Georgia Tech quarterback TaQuon Marshall (16) carries the ball between the defense of Duke's Marquis Waters (10) and Joe Giles-Harris (44) during the second half of an NCAA college football game in Durham, N.C., Saturday, Nov. 18, 2017. Duke beat Georgia Tech 43-20. (AP Photo/Ben McKeown)
Photo: Ben McKeown/AP
Photo: Ben McKeown/AP

Disastrous third quarter fells Jackets

Duke ran 29 plays to six for Tech (two three-and-outs), wearing out the Tech defense and moving from a 20-20 halftime tie to a 30-20 lead going into the fourth quarter.

In a game where, in the parlance of coach Paul Johnson, you couldn’t miss a turn, the Jackets missed twice, going three-and-out on back-to-back possessions to start the half. Duke, playing markedly better on offense than it had in recent weeks, kept firing, driving for a touchdown and a field goal and wearing out the Tech defense.

Duke coach David Cutcliffe said that the third quarter “may have been as good looking of a quarter of football (as) we could play.”

On the two possessions, Tech missed opportunities, not making blocks in the run game, not protecting quarterback TaQuon Marshall on a third-down pass play and perhaps missing a read in the option game. Marshall couldn’t connect on a couple deep shots, and the end result was two punts after a total of five yards gained.

“I made some bad plays,” Marshall said. “I threw some bad balls. That probably could have helped us out. We’d get behind the chains or something, it’d be something like 2nd-and-9, couldn’t really do much after that. But they ran the same thing second half.”

On the Jackets’ first four possessions, not counting a throwaway drive to end the first half, the Jackets scored three touchdowns and gained 276 yards on 38 plays and converted six of seven third downs. Tech was shut out in the second half, the first time that the Jackets have failed to score in a half this season. The Jackets gained 83 yards and were 0-for-5 on third down after the half.

Marshall said that Duke was effective at forcing him back to the middle.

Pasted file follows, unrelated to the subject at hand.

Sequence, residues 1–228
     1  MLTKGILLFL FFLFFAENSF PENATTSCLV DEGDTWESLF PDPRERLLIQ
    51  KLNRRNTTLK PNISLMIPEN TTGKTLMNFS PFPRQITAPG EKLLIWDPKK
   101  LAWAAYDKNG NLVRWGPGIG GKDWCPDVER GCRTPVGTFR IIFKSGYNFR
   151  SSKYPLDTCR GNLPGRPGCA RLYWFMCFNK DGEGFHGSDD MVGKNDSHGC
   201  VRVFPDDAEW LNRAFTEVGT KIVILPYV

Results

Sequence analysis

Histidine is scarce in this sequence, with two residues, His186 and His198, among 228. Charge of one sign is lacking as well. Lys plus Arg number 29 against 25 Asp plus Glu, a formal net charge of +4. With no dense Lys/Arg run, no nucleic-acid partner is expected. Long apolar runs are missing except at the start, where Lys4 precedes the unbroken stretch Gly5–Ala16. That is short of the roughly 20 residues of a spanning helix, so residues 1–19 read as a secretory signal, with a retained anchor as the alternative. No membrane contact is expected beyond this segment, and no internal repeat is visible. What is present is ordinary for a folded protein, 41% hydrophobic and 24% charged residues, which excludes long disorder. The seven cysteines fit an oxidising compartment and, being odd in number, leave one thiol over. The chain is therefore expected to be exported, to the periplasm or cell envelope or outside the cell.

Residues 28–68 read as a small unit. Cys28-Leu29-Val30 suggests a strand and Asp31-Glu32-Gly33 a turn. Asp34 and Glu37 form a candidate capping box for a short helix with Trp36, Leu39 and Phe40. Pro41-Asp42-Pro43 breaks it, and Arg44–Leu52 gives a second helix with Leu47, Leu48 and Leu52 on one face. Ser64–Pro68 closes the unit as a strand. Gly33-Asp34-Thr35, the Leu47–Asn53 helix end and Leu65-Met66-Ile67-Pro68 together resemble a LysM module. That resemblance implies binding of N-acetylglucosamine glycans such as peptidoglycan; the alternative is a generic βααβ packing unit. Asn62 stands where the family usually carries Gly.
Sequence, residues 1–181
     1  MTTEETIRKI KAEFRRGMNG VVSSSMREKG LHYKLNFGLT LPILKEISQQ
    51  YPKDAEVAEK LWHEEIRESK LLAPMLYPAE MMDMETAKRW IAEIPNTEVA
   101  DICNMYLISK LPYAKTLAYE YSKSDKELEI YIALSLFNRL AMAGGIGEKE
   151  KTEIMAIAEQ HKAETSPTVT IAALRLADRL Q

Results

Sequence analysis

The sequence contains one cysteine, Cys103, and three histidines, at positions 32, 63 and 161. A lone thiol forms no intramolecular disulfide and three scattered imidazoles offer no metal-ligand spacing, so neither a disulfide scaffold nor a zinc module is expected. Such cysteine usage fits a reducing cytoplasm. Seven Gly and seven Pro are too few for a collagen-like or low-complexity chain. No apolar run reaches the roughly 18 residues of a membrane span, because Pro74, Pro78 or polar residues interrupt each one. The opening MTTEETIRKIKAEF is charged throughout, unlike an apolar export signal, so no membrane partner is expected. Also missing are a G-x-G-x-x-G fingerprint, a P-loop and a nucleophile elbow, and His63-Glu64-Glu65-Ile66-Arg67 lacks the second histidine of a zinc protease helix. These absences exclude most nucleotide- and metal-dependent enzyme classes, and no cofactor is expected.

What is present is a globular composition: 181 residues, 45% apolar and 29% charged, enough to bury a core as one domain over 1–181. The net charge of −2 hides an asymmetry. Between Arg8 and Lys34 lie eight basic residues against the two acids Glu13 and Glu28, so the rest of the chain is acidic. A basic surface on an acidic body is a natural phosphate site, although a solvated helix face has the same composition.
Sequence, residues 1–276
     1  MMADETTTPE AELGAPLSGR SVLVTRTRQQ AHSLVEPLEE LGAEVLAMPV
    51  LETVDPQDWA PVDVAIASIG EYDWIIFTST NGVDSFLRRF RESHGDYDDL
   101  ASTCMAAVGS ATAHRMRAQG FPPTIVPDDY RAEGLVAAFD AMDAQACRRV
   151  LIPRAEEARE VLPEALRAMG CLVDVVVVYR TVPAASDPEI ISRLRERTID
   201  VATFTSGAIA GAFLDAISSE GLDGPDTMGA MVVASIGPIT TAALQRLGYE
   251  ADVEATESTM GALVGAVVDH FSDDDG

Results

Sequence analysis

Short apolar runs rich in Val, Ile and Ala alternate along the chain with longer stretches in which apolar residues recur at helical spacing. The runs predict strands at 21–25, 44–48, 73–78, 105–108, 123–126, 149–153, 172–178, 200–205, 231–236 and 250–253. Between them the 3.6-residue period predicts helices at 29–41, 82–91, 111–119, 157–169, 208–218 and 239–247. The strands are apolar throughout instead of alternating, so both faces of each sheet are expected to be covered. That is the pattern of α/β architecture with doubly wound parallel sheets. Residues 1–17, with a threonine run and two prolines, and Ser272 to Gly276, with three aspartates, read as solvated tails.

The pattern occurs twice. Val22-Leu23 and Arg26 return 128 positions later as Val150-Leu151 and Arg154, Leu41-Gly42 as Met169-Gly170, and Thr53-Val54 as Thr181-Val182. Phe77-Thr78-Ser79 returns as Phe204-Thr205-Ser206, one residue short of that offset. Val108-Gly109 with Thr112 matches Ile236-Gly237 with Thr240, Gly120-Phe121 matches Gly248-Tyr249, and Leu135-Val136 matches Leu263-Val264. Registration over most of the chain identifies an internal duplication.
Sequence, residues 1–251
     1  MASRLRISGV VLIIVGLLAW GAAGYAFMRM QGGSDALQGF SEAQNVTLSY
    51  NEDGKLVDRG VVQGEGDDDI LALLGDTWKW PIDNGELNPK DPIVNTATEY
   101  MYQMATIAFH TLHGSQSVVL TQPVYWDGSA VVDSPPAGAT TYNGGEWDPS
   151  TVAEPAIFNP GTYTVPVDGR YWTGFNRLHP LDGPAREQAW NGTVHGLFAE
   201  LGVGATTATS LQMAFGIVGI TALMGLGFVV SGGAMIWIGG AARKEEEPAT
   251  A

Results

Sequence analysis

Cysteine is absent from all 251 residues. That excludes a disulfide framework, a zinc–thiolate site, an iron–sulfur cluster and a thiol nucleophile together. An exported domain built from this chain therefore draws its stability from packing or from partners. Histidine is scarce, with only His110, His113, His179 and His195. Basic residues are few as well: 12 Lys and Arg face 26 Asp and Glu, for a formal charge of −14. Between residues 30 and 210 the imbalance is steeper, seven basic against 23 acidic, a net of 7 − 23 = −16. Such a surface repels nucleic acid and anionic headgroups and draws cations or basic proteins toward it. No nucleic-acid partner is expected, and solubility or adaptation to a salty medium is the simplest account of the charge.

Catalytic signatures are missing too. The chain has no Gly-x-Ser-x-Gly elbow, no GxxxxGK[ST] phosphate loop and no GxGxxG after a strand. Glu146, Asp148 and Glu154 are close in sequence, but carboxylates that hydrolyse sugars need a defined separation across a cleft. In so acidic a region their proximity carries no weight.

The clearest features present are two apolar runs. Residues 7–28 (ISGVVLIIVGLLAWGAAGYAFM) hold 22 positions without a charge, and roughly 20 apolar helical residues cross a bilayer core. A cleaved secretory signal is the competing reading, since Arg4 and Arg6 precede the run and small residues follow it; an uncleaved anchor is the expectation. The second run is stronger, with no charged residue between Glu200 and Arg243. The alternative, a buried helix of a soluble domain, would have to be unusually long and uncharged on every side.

“I noticed that a lot; I couldn’t really get outside on the edge to pitch the ball to the A-back,” Marshall said. “They had the A-back covered up a couple times.”

Defensively, Tech was getting pummeled. The Jackets were unable to get off blocks on runs to the perimeter. Running back Brittain Brown was having a field day breaking tackles. Quarterback Daniel Jones threw from comfortable pockets. The Blue Devils kept up their torrid pace from the first half, facing just one third down in their first two possessions of the second half. That one should have been a touchdown, but Jones threw off target to running back Shaun Wilson on a 3rd-and-goal play.

Duke drove 75 yards on the opening drive for a touchdown and a 27-20 lead, then 64 yards for a field goal and a 30-20 lead on its second series.

“(Defensive coordinator Ted Roof) put us in great position,” cornerback Lawrence Austin said. “I myself didn’t play a good game, so I take the blame for that, but the players on the field have to make the play, and we didn’t make the plays (Saturday).”

Johnson said that after Duke scored on the opening possession and Tech followed with a three-and-out, “that was pretty much it. At least we held them to a field goal the next time. We try to hit a play-action pass because they were firing out of the secondary and we couldn’t make a play. We had to punt and then we’re down 17.”

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